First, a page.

Cate Blanchett recites manifestos to Budapest audiences at National Gallery
A piercingly provocative multi-channel video installation should entice spectators to the Hungarian National Gallery this summer. Starring award-winning Cate Blanchett, the highly immersive Manifesto project by German artist Julian Rosefeldt presents modern-day characters through 12 scenes, all played by the Australian actress and each projected on an individual screen. Appearing as a homeless man, a teacher, then as a stock broker, Blanchett in her varied roles recites a collage of declarations that had significant impact on arts and history, including manifestos of Communism, Dada and Futurism.
This palatial exhibition space in the Castle District is primarily known as a chronological showcase of Magyar art and for its monumental temporary displays of globally acclaimed paintings, sculptures and photography. These demonstrations generally attract a vast if mainstream audience to the Hungarian National Gallery. However, this latest presentation, the motion-picture series by Julian Rosefeldt, should engage visitors who prefer their contemporary arts with a touch of controversy.
“A few years ago, I was doing research for another project, when I stumbled upon two manifestos that I hadn’t heard about before and it inspired me to read more of them,” explains Rosefeldt at the exhibition opening, struck by the beauty of the poetic language these progressive proclamations presented.
The artist, who met Cate Blanchett at another of his exhibition years before, convinced the actress to join him for his unconventional video project, inspired by over 50 manifestos he read, for which the Oscar-winning star would play various characters.
“She really liked the concept,” said Rosefeldt. “We had just 11 days for the entire shooting, as Cate was very busy with other projects,” he added. And while all of Blanchett’s characters speak in English, using a different accent in each role, almost every scene was recorded in and around the German capital.
“I wanted to shoot in Berlin without making it very visible that it’s actually Berlin,” added the artist. “It was important for me to find locations that were enigmatic and unknown to the audience. You, as a viewer, can then try to make sense of what you see and hear and how these relate. Everyone can interpret the scenes in their own way”.
In the Hungarian National Gallery, snippets of the various manifestos welcome visitors at the entry hall of the display, each presenting a portrait of Cate Blanchett appearing in her disparate roles. On the opposite wall, a timeline shows major thinkers and artists that inspired Rosefeldt’s work, beginning with the Manifesto of the Communist Party by Karl Marx and Friedrich Engels.
But you will also find manifestos of such modernist and avant-garde movements as Vorticism, Stridentism and Minimalism or the controversial cinematic movement of Lars von Trier, the Dogme 95. One inspiration from the 21st century includes American film director Jim Jarmusch’s Golden Rules of Filmmaking from 2002.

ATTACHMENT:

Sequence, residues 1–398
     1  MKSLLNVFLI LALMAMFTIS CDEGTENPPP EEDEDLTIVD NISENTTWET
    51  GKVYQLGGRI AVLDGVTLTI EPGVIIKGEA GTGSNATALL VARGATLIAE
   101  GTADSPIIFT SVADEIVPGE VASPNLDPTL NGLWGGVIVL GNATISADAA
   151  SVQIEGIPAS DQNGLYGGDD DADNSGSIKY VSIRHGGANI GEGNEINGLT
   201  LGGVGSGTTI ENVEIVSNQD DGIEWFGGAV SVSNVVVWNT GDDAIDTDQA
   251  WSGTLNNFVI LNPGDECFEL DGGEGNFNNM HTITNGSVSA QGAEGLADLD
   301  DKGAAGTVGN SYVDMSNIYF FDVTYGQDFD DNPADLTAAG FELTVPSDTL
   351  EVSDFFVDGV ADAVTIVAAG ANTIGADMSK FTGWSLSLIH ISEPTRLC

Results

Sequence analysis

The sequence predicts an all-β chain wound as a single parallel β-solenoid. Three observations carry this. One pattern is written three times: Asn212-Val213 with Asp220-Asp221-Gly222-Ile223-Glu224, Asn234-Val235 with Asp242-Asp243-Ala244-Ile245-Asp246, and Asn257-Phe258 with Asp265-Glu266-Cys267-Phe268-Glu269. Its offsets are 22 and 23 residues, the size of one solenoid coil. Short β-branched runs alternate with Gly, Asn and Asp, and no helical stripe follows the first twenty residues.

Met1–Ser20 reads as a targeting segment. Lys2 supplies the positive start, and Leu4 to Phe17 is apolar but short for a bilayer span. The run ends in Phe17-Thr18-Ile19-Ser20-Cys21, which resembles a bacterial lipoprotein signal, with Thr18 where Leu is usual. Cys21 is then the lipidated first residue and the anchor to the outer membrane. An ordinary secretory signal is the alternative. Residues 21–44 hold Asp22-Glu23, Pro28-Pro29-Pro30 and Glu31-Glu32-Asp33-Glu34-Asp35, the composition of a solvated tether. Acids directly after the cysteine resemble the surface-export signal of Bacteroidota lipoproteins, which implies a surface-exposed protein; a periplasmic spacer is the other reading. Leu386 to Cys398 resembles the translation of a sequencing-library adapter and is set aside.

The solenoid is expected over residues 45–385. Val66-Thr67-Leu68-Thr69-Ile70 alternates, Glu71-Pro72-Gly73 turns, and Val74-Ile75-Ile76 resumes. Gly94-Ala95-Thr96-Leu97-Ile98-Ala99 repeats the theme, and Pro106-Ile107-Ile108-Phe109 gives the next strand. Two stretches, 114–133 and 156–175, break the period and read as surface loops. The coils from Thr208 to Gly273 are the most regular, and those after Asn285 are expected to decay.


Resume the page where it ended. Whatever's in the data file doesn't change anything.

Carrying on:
The artist also stressed that with his videos he wanted to make complex philosophical texts more accessible to the audience: “I used 55 manifestos that I rearranged into 12 text collages, integrating different manifestos into one scene”.
Blanchett talks Dadaism while appearing as a funeral speaker, Surrealism as a puppeteer, Futurism as a broker and Creationism as a tattooed punk. While she transforms these ordinary characters into mystical beings, the actress always plays a female figure, except in one scene, when she assumes the role of a homeless man.
“I wanted to have one male protagonist,” explained Rosefeldt. “The 20th century was a very male-dominated era and most of the texts in the manifestos were also written by men. This one male figure in the very beginning is an expression of the part of society that didn’t make it”.
The movies screen amid dimly lit settings in a U-shaped hall of the museum, where the visual and verbal sections melt into a cacophonous fantasy. This arrangement makes spectators feel as if they were furtively peeping into the life of the protagonists, a reality perceived in real time.
Each video runs for exactly 10 minutes and 30 seconds, while synchronised screening creates an interplay between the films. In regular intervals, the figures in all films interrupt their actions, turn towards the viewer and start singing. This produces a mystical choir of sound, made even more profound by the close-up filming of Blanchett on each screen mounted on the walls. “This repetitive moment of a choir happens at the same moment. They start together, but stop separately,” outlined Rosefeldt.
While these contemporary movies intertwined with historic philosophies might not be easy for everyone to interpret, Rosefeldt didn’t want to include subtitles with his films. The artist encourages the viewer to concentrate on the scenes and Blanchett’s incredible performance.
“In many of my films in this series, the text is in contradiction with the ambience. And you, as an audience, play an important role here. With this undertaking, I also wanted to learn if manifestos of the past still have significance today. But based on the feedback my exhibitions have been receiving, I can see that the declarations are relevant even in our present day, when manifestos are replaced by panel discussions, blogs and various online profiles,” the artist concluded.
The exhibition is on view from May 30th through August 12th.
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